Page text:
An Oklahoma judge overturned an ultrasound law today. Score one for us.
The more interesting story is that women around the country are organizing through social media to push back against what is going on in their states. A record number of abortion restrictions were passed in 2011, but so far in 2012 a lot of similar bills are hitting a wall of resistance. Some of them are getting passed, but many others have been blocked by a lot of pissed-off women.
Here’s a great article at Salon explaining how women are using social media to get the word out and organize protests. Many of these women have never been active before, but they’ve been shaken up by attacks on Planned Parenthood as well as by things said by some really, really stupid state politicians —
In Georgia, the Atlanta Journal-Constitution reported that hundreds of people attended hearings on the stateâ€™s proposed ban on abortion after 20 weeks â€“ a law based on scientifically spurious claims of â€œfetal painâ€ that six other states have passed since 2010. It failed partly because legislators couldnâ€™t agree on an exception for â€œmedically futileâ€ pregnancies. In Pennsylvania, a forced-ultrasound bill â€œhas been shelved indefinitely by House leaders, in part because of outcries by more moderate GOP lawmakers who donâ€™t want to deal with it in their election year,â€ according to the Harrisburg Patriot-News. (But not without Gov. Tom Corbett, who weighed in cluelessly in another widely circulated comment: â€œI donâ€™t know how you make anybody watch, OK? Because you just have to close your eyes.â€) In Tennessee, a legislator felt compelled to back off posting abortion records online, citing a fierce backlash and, he claimed, death threats.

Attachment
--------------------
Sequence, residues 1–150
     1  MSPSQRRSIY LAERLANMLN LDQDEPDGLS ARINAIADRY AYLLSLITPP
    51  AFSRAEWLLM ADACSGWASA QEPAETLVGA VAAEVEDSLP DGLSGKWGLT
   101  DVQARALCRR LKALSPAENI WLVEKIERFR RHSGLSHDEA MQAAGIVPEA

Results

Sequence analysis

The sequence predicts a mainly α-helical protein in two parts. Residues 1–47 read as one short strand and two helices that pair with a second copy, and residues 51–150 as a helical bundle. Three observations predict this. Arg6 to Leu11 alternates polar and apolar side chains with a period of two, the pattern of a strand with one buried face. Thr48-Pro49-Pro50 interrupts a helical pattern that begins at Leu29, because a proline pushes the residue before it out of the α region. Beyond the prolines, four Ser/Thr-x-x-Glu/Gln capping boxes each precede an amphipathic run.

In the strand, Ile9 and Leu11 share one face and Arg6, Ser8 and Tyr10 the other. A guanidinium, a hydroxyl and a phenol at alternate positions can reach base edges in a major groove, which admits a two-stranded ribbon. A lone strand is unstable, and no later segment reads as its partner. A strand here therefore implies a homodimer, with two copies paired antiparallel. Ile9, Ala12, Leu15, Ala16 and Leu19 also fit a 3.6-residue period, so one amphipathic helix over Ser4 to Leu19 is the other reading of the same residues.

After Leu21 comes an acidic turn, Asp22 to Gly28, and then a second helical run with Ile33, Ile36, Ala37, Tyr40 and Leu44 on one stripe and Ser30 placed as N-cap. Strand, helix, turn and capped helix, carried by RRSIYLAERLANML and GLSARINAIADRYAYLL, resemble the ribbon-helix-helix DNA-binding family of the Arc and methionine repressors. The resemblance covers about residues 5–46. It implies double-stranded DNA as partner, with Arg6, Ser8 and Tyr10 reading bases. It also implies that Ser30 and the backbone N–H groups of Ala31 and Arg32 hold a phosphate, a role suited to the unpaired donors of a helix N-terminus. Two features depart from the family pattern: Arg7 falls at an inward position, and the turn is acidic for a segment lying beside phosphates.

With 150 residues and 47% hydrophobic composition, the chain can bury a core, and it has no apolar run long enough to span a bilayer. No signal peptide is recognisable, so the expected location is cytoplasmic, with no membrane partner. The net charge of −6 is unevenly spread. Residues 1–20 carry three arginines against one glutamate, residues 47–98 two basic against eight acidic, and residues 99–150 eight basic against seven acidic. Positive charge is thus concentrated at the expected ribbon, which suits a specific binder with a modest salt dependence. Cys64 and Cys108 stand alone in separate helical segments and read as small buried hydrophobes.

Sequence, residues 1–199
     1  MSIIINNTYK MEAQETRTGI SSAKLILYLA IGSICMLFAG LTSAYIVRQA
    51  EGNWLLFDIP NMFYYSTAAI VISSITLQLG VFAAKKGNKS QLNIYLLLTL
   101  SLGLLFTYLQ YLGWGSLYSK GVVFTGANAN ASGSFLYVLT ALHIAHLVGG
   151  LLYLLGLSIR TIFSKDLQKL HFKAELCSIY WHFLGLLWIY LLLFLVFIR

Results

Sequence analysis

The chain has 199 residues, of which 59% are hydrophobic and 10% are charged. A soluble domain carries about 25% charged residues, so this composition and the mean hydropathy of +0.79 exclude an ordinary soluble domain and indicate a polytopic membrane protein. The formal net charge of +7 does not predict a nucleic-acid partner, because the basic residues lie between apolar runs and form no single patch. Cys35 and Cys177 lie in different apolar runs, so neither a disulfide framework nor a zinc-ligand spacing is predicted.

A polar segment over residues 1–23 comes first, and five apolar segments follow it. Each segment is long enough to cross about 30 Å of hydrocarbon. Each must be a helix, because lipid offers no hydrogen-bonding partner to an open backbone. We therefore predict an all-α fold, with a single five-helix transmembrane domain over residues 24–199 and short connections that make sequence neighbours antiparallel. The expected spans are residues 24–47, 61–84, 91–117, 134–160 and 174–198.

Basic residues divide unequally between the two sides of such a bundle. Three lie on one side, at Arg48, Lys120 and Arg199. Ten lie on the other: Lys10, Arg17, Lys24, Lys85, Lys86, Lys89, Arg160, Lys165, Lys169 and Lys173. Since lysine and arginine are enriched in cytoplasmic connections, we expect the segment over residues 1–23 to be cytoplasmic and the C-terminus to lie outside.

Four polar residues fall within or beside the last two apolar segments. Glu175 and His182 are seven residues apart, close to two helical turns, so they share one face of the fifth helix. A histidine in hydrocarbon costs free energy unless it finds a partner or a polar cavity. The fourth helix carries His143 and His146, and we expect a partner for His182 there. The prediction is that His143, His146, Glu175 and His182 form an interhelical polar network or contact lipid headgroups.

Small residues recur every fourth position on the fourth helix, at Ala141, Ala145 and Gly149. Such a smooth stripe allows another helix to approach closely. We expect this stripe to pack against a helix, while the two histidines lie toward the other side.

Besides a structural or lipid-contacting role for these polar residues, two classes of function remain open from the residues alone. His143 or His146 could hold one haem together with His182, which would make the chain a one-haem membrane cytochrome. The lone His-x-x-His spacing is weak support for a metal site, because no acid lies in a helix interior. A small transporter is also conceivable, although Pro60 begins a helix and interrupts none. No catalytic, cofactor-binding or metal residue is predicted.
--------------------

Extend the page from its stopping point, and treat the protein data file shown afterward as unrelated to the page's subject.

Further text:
â€œEvery time a politician says something terrible, people respond emotionally to that,â€ says Luther. â€œIt makes people in Florida care about whatâ€™s happening in Idaho.â€ It was harder, she adds, to get people fired up about Utahâ€™s mandatory waiting period, maybe because there was no single tweetable moment.
Some pro-choice organizations have talked about an â€œenthusiasm gapâ€ among the younger generation, which doesnâ€™t remember back-alley abortions and which they say isnâ€™t fired up the way young anti-abortion activists are. But social media has made it possible for women and men to keep up with the laws that emerge seemingly by the minute â€” and then sign a petition or, if theyâ€™re up for it, flood legislatorsâ€™ Facebook pages with graphic updates about the vulvas the politicians are so interested in regulating. For progressives in conservative states, who often feel alone in their views, all this can be particularly galvanizing.
People are organizing on their own initiative. NARAL hasn’t been part of it, which doesn’t surprise me. More than 30 years ago I stopped paying dues to NARAL because I felt they were completely out of touch with anything going on outside of Washington, and sending them dues was a bit like throwing money into a black hole — you never saw any results from it. And the Democratic Party hasn’t been any better, especially at state level in right-wing states.
So this is a good thing. Maybe there’s hope.